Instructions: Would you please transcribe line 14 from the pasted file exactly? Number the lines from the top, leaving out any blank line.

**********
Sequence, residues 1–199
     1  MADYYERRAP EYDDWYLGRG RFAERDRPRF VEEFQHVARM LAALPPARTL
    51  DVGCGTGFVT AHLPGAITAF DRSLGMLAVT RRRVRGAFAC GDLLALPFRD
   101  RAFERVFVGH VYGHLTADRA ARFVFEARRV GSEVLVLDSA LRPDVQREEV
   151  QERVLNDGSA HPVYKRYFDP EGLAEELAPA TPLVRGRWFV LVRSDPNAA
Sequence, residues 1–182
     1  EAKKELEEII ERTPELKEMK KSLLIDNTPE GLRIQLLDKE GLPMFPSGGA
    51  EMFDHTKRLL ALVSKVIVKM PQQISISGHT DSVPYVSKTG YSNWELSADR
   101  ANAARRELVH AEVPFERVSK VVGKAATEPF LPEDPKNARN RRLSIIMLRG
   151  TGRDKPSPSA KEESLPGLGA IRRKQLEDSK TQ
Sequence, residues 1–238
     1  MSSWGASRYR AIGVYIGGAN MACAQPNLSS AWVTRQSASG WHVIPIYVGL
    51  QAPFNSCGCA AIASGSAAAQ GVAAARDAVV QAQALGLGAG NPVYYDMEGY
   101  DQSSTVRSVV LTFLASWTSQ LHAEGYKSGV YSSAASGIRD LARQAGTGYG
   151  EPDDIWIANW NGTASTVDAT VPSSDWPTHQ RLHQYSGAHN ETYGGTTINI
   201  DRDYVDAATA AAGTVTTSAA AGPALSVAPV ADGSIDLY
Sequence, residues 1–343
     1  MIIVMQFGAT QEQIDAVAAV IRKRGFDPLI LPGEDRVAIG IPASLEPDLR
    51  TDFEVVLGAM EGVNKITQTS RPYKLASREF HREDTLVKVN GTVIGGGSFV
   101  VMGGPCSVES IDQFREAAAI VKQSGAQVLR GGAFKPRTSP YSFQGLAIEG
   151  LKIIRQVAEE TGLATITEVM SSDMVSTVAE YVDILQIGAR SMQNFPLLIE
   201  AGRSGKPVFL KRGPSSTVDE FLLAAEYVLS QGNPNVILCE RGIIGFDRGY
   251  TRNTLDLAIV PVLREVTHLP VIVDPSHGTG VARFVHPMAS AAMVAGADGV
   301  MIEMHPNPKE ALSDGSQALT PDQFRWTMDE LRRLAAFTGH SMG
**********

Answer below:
   101  DQSSTVRSVV LTFLASWTSQ LHAEGYKSGV YSSAASGIRD LARQAGTGYG